> the same pro bird banding group subject to the criticisms. The reply was in
> response to previous discussions and a request to instigate a study into the
> impacts of banding. The results supplied can hardly be accepted as an
> example of unbiased independent review.
> Obviously as an individual i do not have access to the same levels of
> information as the pro cannon netters/leg flaggers and I agree, their data
> sets are impressive and would provide a great comparison for verification
> from an independent review into banding impacts. But what I do have however
> is nearly fifty years of field experience watching waders and I have seen
> adverse impacts personally not only in the physical damage caused to some of
> the birds by leg flagging but also from an emerging feeding aversion behavior
> demonstrated in many waders in recent years. This flighty, easily disturbed
> characteristic appears to be developing, probably in response to the
> startling fright and stresses caused by cannon netting and the further stress
> that follows during the subsequent handling.
> Some would argue that more timid behavior could be an advantage to help these
> birds in other places, but what i see are more birds more easily disturbed
> than ever before. When waders are more easily disturbed from their feeding
> and roosting areas when attempting to build their energy reserves and rest
> prior to migration, it could have a hideous effect on success of their
> migration even without the added burden of bands.
> Stephen Ambrose wrote:
>> Ian said:
>> " I have studied Clive's response copied below and I thank him for this and
>> fully accept many parts of the reply that are clearly correct, however the
>> stated conclusions about survival rates of small migratory waders after
>> banding are based on statistical data not robust enough to be used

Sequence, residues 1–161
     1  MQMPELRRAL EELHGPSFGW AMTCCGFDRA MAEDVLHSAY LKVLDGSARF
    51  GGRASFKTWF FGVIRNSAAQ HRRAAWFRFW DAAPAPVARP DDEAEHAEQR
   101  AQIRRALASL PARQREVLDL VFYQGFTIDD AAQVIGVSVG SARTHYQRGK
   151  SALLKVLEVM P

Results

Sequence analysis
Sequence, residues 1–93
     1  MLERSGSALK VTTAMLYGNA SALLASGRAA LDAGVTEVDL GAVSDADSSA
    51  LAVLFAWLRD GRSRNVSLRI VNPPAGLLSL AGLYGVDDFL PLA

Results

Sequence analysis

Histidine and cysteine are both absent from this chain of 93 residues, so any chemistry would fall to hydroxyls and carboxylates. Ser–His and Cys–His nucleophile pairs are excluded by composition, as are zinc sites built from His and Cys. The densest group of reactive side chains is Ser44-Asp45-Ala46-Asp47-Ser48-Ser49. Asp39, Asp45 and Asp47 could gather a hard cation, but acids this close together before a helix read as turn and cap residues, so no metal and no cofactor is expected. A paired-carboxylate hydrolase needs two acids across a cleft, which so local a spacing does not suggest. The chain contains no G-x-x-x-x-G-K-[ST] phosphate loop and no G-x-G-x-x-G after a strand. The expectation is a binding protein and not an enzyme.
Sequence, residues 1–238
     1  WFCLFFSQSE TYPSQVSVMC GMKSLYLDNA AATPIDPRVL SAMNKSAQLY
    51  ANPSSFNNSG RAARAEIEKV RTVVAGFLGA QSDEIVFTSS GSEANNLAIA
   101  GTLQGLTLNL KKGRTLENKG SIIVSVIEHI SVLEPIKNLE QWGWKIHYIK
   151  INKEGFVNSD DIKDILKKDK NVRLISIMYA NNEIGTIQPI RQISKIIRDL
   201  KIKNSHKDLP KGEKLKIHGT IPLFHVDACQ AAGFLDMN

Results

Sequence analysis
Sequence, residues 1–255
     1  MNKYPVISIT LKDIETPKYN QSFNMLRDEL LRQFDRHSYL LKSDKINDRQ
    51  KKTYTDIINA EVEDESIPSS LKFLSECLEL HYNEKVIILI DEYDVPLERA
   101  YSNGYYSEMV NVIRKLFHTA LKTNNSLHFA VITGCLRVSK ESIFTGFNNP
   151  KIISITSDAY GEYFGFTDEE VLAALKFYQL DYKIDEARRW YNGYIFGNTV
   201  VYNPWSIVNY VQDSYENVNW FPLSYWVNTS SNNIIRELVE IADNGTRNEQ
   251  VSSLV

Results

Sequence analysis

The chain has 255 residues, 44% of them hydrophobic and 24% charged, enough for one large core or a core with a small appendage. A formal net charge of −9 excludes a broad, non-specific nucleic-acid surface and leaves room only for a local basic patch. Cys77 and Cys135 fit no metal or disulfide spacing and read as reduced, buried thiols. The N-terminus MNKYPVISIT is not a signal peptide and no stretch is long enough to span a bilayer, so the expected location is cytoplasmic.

>> adequately for such conclusions, nor collected for the purpose in a project
>> environment designed to test banding impacts."
>> Ian, could you please explain to us why you think the statistical data
>> presented by Clive are not robust. The sample sizes for each treatment
>> (metal bands, metal bands + some flags, metal bands + lots of flags) are
>> very large (5,489 to 11,258), yet calculated annual survival rates
>> associated with each treatment are very similar. Most
>> zoologists/ornithologists/field ecologists/biostatisticians would be envious
>> of such large data sets.
>> How did you reach the conclusion that the data are skewed, biased or
>> statistically manipulated? From reading Clive's response, I don't see any
>> evidence of this. Perhaps I am missing something, so would be delighted to
>> hear your explanation.
>> Kind regards,
>> Stephen Ambrose
>> Ryde NSW
>> To unsubscribe from this mailing list,
>> send the message:
>> (in the body of the message, with no Subject line)
> To unsubscribe from this mailing list,
> send the message:
> (in the body of the message, with no Subject line)
To unsubscribe from this mailing list,
send the message:
(in the body of the message, with no Subject line)